Tuesday, April 05, 2005

Well, not quite Dead Man

Ah yes, that’s a little more like it. I’m feeling a bit better, today. Still some congestion but, thank goodness, no fever. There’s still a general feeling of malaise that will usually accompany such spirals in health. At least I was able to get some much needed rest, which I’m sure will be a more obvious benefit in the next day or two. Finding myself completely waylaid and bedridden was like a scene out of “Dead Man" (Johnny Depp). I’ve viewed that film a few times and I can never get over the genuine attempt at realism in terms of presenting images of the old West. It occurs to me that most moviegoers really don’t want to see the filth and insanity of that place and time. They would rather maintain a fictionalized view more in keeping with the notions of traditional “heroes” and villains” (with the occasional crossover). I’ve read enough about the old West to have a pretty decent understanding of the danger and squalor lurking on every street and back alley. So, when I see a film like “Unforgiven”, I can appreciate the vague stab at authenticity at some level. However, to equate that view of the West with true authenticity is seriously laughable.
One of my favorite scenes in “Dead Man” involves Depp traveling by train from the East to the far reaches of the frontier West. This was done in brilliant fashion and gives us the sensation of slowly leaving civilization while heading straight to an outlying suburb of Hell. Average, everyday people begin to give way to ruthless primitives as Depp's character heads to a promised accountant job in the nightmare town of "Machine". Watching Depp’s character initial introduction to the town is, probably, the most realistic vision of the extreme frontier that you’re ever likely to see on film.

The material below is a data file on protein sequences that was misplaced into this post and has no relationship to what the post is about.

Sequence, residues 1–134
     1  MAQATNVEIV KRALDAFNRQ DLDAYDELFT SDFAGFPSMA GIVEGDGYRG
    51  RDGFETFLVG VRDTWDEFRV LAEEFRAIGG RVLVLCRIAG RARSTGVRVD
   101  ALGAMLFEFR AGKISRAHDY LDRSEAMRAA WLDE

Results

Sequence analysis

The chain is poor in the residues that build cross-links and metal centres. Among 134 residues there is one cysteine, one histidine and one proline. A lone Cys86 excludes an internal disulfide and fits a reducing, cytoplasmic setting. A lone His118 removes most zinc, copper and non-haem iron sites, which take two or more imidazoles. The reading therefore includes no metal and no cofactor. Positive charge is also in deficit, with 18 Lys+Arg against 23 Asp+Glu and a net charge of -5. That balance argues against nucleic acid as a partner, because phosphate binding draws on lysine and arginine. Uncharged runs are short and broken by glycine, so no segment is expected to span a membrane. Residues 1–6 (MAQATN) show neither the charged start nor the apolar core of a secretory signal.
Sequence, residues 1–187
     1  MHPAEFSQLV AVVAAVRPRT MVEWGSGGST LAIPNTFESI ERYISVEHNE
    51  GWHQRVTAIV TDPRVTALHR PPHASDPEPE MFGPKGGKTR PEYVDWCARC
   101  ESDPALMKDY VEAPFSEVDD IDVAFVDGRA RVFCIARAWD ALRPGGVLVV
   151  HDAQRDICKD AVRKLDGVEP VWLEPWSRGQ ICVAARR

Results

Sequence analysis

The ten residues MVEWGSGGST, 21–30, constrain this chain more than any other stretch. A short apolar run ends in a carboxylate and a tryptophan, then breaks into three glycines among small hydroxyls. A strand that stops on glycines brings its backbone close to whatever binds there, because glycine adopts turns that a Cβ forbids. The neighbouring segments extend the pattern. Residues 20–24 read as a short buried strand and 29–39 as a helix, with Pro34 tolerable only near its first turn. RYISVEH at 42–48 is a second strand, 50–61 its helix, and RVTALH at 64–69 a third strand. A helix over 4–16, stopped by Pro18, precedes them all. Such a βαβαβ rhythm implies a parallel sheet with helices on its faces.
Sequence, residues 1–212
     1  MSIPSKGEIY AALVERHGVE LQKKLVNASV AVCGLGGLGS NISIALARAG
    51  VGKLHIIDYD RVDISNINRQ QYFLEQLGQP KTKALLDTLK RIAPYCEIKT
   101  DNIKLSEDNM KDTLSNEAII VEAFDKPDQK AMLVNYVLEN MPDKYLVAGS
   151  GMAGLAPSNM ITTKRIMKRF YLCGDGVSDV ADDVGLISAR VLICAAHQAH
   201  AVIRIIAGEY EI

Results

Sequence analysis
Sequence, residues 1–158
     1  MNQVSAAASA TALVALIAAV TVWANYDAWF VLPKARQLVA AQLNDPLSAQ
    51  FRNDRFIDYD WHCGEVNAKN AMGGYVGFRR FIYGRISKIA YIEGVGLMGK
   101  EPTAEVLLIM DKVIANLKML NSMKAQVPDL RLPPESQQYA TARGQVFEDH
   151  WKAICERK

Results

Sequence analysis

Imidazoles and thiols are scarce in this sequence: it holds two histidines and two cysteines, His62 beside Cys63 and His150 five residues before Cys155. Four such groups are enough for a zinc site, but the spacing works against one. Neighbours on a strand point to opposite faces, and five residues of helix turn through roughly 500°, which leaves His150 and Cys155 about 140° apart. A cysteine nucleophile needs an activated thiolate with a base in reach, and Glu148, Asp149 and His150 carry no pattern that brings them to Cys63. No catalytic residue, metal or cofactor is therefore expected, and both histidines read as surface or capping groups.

Depp’s subsequent encounter with an enigmatic Native American named “Nobody” and his alternating horrific and hysterical adventures serve to illustrate the effects of the barbarism of the old West and it’s ability to wear away one’s veneer of civilization. Add to this a highly appropriate and haunting soundtrack by Neil Young and you have a film that tends to stay with you for quite some time. Although it occasionally tries a little too hard to be “meaningful” and cutting edge, it certainly is a solid cult film. I recommend it highly.


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